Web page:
Let’s make one thing clear: exercise is safe and encouraged during pregnancy for all women without contraindications.
This includes women who are currently active, were not active before pregnancy, and those with gestational diabetes. Yes, even if you did not have an exercise routine pre-pregnancy, you can start when you become pregnant!
Benefits of exercise during pregnancy include:
- Reduced maternal weight gain
- Reduced risk of gestational diabetes or hypertension (high blood pressure)
- Less likely to need a C-section
- Less likely to have fetal macrosomia (baby greater than 8 pounds)
- Reduced risk of postpartum depression
- May reduce length of 1st and 2nd stages of labor
With all those amazing benefits, what is the hold up?
We find that often our main source of exercise given to expectant mothers comes from family, friends and other acquaintances – these people mean really well, but may not be giving the best advice! There have been questions surrounding the safety of exercise while pregnant and very little information from providers. Fortunately, we are seeing more and more emerging research giving us the answers we need (and have needed for quite some time!)
So, let’s set the record straight.
Exercise recommendations during pregnancy are:
- Accumulate 150 minutes of moderate physical activity per week
- Be active at least 3 times per week
- Incorporate both resistance and aerobic training
As you progress through pregnancy, we need to make modifications and scale as your baby and placenta grow and take up more space and energy. There are general considerations for each trimester we like to follow, and let’s dive in.
Exercise considerations during each trimester:
- First trimester: no contraindications to exercise unless a “red light” symptom is present, no contact sports, and may need to modify exercise due to fatigue and morning sickness
- Second trimester: growing baby bump, no valsalva or bearing down, loss of anterior core integrity, focus on breathing mechanics and coordination of pelvic floor, note that if this is not your first pregnancy change happens faster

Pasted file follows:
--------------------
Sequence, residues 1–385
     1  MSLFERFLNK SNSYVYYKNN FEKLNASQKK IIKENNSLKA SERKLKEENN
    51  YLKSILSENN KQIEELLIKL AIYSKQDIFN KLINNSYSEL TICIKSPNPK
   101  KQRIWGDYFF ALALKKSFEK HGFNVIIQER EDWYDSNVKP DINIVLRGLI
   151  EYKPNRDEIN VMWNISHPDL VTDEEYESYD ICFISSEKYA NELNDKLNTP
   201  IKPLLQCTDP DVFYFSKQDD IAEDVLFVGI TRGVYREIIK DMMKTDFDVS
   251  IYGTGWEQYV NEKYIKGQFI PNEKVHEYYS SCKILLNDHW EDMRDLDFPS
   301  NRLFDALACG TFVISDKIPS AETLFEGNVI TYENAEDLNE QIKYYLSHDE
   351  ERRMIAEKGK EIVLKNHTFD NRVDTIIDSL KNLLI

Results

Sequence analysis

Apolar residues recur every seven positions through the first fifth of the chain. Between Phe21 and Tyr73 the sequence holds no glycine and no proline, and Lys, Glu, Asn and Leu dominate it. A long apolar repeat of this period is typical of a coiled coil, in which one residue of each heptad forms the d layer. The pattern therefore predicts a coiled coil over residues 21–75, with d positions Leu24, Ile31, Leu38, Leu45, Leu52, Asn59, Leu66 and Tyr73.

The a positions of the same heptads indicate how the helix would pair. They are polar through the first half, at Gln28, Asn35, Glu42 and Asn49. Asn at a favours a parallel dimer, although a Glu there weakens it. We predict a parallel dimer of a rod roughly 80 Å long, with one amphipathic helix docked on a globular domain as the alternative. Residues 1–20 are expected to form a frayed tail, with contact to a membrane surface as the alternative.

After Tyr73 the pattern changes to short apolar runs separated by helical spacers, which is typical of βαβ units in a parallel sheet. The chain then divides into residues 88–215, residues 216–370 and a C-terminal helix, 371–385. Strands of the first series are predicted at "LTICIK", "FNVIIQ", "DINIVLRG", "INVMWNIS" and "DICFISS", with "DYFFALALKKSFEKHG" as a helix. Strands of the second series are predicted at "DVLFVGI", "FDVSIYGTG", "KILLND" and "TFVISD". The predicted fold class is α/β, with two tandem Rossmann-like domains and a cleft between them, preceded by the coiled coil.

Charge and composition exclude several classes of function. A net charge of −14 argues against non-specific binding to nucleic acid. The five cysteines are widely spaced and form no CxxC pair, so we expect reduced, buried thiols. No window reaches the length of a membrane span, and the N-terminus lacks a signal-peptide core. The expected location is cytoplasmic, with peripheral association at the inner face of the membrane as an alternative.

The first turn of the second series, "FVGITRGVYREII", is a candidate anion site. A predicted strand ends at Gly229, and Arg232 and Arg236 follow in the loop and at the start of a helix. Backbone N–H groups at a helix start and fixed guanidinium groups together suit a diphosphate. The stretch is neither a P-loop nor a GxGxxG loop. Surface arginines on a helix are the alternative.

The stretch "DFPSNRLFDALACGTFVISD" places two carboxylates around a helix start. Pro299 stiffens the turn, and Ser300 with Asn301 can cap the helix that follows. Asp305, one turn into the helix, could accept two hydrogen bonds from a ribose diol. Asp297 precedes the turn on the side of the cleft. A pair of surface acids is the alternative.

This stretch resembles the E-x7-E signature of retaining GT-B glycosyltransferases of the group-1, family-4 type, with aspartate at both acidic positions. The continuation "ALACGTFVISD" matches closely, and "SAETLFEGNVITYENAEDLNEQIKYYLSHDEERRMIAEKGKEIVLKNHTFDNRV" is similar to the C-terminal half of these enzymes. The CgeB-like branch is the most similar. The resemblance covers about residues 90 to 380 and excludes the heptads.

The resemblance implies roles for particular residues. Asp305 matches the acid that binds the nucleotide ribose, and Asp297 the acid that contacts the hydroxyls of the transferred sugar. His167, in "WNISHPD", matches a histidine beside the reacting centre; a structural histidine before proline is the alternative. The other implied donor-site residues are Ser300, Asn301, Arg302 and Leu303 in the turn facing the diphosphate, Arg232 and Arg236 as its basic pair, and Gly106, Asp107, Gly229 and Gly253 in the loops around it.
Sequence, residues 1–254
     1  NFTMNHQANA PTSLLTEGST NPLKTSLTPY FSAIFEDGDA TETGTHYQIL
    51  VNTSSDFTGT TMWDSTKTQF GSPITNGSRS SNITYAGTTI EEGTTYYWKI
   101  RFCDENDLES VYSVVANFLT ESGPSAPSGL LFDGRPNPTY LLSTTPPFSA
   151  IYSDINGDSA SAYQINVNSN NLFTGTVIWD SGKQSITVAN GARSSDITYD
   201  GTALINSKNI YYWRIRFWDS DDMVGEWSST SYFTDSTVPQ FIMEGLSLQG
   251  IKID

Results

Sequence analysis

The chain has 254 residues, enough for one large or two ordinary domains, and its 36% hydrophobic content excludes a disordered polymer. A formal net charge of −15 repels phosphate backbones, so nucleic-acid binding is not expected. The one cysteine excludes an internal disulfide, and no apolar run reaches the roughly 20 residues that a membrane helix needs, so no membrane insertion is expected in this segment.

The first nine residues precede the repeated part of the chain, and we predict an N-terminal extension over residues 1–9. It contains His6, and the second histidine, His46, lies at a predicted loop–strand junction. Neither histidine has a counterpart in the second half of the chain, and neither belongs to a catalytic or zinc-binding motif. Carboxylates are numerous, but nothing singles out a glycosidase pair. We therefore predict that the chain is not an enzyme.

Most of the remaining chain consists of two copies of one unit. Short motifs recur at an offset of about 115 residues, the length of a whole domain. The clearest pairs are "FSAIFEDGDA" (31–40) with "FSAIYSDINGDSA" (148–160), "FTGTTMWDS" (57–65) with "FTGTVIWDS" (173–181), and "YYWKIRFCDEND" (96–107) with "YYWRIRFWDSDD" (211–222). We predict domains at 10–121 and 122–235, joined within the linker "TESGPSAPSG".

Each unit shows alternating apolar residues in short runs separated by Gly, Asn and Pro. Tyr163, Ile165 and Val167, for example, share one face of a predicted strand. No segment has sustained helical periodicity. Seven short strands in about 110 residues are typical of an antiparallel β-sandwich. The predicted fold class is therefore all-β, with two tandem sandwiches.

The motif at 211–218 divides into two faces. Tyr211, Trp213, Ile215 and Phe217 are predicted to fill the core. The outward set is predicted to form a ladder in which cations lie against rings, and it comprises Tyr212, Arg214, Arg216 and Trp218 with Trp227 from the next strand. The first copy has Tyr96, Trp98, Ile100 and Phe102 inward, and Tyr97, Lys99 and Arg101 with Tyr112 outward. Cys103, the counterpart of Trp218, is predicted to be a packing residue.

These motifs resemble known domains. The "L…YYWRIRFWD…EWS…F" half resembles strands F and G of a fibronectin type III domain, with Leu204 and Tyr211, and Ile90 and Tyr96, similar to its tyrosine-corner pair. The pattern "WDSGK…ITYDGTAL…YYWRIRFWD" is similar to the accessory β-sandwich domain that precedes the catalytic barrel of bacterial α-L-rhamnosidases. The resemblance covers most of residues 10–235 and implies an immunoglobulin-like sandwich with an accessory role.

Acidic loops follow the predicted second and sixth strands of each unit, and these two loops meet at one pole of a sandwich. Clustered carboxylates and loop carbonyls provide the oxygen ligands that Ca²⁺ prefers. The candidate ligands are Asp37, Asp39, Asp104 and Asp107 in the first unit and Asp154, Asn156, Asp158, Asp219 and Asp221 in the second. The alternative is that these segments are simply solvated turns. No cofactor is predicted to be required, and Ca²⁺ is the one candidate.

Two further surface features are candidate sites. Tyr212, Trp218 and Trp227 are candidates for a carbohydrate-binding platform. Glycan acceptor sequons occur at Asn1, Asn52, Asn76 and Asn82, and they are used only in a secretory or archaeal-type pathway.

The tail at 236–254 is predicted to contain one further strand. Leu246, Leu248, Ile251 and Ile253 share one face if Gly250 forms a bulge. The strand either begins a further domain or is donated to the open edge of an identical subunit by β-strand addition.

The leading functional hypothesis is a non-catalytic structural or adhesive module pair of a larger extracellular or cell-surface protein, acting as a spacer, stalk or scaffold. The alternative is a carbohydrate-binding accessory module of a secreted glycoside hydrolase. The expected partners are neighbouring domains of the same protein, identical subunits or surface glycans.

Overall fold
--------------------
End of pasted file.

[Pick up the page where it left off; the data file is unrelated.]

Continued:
- Third trimester: pelvic floor has to adapt to rapid growth at quick rate, baby gains half a pound per week after week 32, most modifications are to weight and range of motion, listen to your body and prioritize rest as needed
What are red light symptoms? These are symptoms that, if experienced, warrant cessation of exercise and a call to your OB if the problem is not already being managed.
Red Light Symptoms:
- Unexplained vaginal bleeding
- Ruptured cervix
- Pre-eclampsia (medical emergency)
- Uncontrolled gestational diabetes, hypertension or thyroid issue
No red light symptoms? You are good to go, mama! Current research tells us that there is no adverse effects to exercising vigorously throughout pregnancy. In fact, there are so many benefits for baby and mom! The most important consideration is to take the time to learn about your changing body, and finding what feels good to you.
For uncomplicated pregnancies, exercise is safe and encouraged. Move in a way that energizes you and modify when appropriate to keep moving through pregnancy. Get after it, you’ve got this!
If you are struggling with pelvic girdle pain or symptoms during pregnancy or postpartum, reach out to us today for a free consultation. Call 314-252-0504 or Contact Us Today for more information on how we can help you live your most active, pain-free life.